The Question of Having to Pay a Mortgage Penalty Isn’t If, It’s When

home sales
Photo by Blake Wheeler on Unsplash

“There are only two ways a Canadian avoids paying a mortgage penalty. They either pay the mortgage to zero or they sell the property and the purchase closing date exactly matches the mortgage maturity date – that’s it.”

Across hundreds and hundreds of filings, Jerome Trail, owner and broker of record at The Mortgage Trail, has never seen either of those things happen.

That’s not to say some people don’t end up paying off their entire mortgage, of course they do (but then they probably wouldn’t be visiting a mortgage broker). But the vast majority of mortgage holders in Canada will end up paying a mortgage penalty no matter what they do to try and avoid it.

READ: How Mortgage Applications Have Changed During COVID-19

“You need to think of your exit strategy when you’re getting into it,” Trail says. Adding that not nearly enough homebuyers consider that what they’re getting into – a new home – they’ll almost certainly one day have to get out of as well.

The most frequent reasons for breaking a mortgage that Trail sees through his business are:

  • Debt consolidation
  • A change in a domestic situation (divorce, growing family, etc.)
  • Downsizing
  • Work transfers
  • Want/need of a second property

“The industry always throws around the quote that people break out of their mortgage right around 3 years and 9 months,” Trail says. This means, if true, even with a 5-year fixed term, you’re going to be hit with a penalty. “The question is, do you want it to be $4,000 or $40,000?”

One of the biggest problems when it comes to securing a mortgage that won’t end up hurting you (much) in the end, is that every lender has its own set of rules. So it’s incredibly important to pay attention to the details when securing your mortgage. “Don’t let a half-point of interest distract you from paying a larger penalty in the end,” advises Trail.

In other words, given the likelihood that you’ll break your mortgage for one reason or another, saving $25-50 a month in interest isn’t exactly prudent decision making if it means your mortgage penalty ends up being tens of thousands of dollars as a result.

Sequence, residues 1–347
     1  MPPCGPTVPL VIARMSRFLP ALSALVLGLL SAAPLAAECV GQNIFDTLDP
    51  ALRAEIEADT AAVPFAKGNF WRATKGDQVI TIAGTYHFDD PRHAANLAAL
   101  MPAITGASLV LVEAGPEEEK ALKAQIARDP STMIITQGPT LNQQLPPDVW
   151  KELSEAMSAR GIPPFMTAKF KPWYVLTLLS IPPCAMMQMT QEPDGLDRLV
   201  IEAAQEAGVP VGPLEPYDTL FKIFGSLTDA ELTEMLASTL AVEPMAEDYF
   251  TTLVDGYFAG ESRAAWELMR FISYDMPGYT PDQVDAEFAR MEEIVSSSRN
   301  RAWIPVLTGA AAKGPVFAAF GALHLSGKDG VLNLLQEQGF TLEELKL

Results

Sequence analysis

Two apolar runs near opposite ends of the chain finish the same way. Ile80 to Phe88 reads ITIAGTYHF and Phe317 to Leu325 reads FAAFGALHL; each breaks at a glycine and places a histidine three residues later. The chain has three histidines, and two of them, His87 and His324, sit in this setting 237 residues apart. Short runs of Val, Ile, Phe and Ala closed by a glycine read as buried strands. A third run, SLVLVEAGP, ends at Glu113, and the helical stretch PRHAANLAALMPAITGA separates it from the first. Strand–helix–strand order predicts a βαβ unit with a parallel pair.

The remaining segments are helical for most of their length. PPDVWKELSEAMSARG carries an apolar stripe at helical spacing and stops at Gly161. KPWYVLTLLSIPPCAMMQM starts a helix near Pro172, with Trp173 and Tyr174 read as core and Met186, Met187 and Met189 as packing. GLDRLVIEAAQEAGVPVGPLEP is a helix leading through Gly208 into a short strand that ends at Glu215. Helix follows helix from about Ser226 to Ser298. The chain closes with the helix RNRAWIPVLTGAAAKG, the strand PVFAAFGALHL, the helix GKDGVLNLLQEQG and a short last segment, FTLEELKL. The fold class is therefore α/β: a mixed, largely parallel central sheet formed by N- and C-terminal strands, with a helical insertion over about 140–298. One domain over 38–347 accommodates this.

Mortgage Penalty
Jerome Trail

So, how exactly are mortgage penalties calculated? That’s the most important expensive question.

Again, there are any number of mortgage options to choose from, but generally speaking, most mortgage penalties are based on either the greater amount between 3-months of your mortgage’s interest or the interest rate differential (IRD).

Yes, the greater amount is what you’ll be charged.

The IRD is what you need to pay attention to as it’s what could end up having you pay big bucks to break your mortgage. The IRD is simply the difference between your mortgage rate and, as is the case for most lenders, the lender’s posted rate.

So, in a hypothetical scenario in which a homeowner has a $500,000 left in year three of a 5-year fixed mortgage at 2.79% and the posted rate of the lender is 4.79%, the IRD is simply 2%. If that homeowner wants to break their mortgage for any reason, they could be looking at paying $20,000 (500,000 x .02 x 2 years). If the details of the mortgage agreement aren’t in your favour, you could end up jumping from the 3-month penalty, which in this case would be roughly $3,500, all the way up to $20,000 – just because you didn’t read the fine print.

As Trail sums up quite simply, “The 3-month interest penalty is what you should always be shooting for.”

And it’s not hard to see why.

A client of Trail’s recently sent him a frantic email after having a conversation with a neighbour who was selling their house:

A friend of mine told me his breakout fee of the mortgage was $30,000, yet mine was only $4,000. Have you heard of this!? What would my breakout fee be, in say, two years with this current one if it ever came to that?

Knowing the answer to those kinds of questions could end up saying you a lot of money.

“From the onset, people need to understand the ramifications of mortgage penalties and plan accordingly. Enter a mortgage with the idea that you’re one day going to break it because you probably will.”

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